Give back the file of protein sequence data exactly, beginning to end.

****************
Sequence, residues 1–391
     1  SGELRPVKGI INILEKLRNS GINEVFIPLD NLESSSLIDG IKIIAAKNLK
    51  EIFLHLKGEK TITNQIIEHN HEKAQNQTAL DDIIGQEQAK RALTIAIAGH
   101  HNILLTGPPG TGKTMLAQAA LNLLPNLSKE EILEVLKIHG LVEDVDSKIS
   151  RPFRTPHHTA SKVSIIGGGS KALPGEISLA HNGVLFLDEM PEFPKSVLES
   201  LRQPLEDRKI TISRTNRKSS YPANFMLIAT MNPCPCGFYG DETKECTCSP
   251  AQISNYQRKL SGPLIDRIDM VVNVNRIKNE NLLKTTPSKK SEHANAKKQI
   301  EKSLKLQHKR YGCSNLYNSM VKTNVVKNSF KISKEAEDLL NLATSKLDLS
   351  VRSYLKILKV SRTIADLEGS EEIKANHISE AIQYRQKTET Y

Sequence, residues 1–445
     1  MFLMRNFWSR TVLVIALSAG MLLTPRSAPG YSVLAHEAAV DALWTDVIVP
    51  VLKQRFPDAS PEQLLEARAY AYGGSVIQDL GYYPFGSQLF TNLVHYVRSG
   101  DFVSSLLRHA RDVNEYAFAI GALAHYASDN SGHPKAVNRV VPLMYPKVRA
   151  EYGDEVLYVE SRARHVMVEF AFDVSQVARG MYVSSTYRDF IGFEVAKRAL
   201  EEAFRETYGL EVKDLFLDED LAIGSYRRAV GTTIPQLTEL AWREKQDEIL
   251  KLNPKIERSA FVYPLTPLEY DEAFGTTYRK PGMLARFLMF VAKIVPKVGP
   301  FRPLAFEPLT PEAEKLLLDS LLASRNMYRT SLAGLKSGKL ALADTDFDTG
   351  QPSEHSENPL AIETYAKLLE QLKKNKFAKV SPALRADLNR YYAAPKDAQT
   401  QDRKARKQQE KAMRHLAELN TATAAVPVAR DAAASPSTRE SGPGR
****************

Sequence, residues 1–391
     1  SGELRPVKGI INILEKLRNS GINEVFIPLD NLESSSLIDG IKIIAAKNLK
    51  EIFLHLKGEK TITNQIIEHN HEKAQNQTAL DDIIGQEQAK RALTIAIAGH
   101  HNILLTGPPG TGKTMLAQAA LNLLPNLSKE EILEVLKIHG LVEDVDSKIS
   151  RPFRTPHHTA SKVSIIGGGS KALPGEISLA HNGVLFLDEM PEFPKSVLES
   201  LRQPLEDRKI TISRTNRKSS YPANFMLIAT MNPCPCGFYG DETKECTCSP
   251  AQISNYQRKL SGPLIDRIDM VVNVNRIKNE NLLKTTPSKK SEHANAKKQI
   301  EKSLKLQHKR YGCSNLYNSM VKTNVVKNSF KISKEAEDLL NLATSKLDLS
   351  VRSYLKILKV SRTIADLEGS EEIKANHISE AIQYRQKTET Y

Sequence, residues 1–445
     1  MFLMRNFWSR TVLVIALSAG MLLTPRSAPG YSVLAHEAAV DALWTDVIVP
    51  VLKQRFPDAS PEQLLEARAY AYGGSVIQDL GYYPFGSQLF TNLVHYVRSG
   101  DFVSSLLRHA RDVNEYAFAI GALAHYASDN SGHPKAVNRV VPLMYPKVRA
   151  EYGDEVLYVE SRARHVMVEF AFDVSQVARG MYVSSTYRDF IGFEVAKRAL
   201  EEAFRETYGL EVKDLFLDED LAIGSYRRAV GTTIPQLTEL AWREKQDEIL
   251  KLNPKIERSA FVYPLTPLEY DEAFGTTYRK PGMLARFLMF VAKIVPKVGP
   301  FRPLAFEPLT PEAEKLLLDS LLASRNMYRT SLAGLKSGKL ALADTDFDTG
   351  QPSEHSENPL AIETYAKLLE QLKKNKFAKV SPALRADLNR YYAAPKDAQT
   401  QDRKARKQQE KAMRHLAELN TATAAVPVAR DAAASPSTRE SGPGR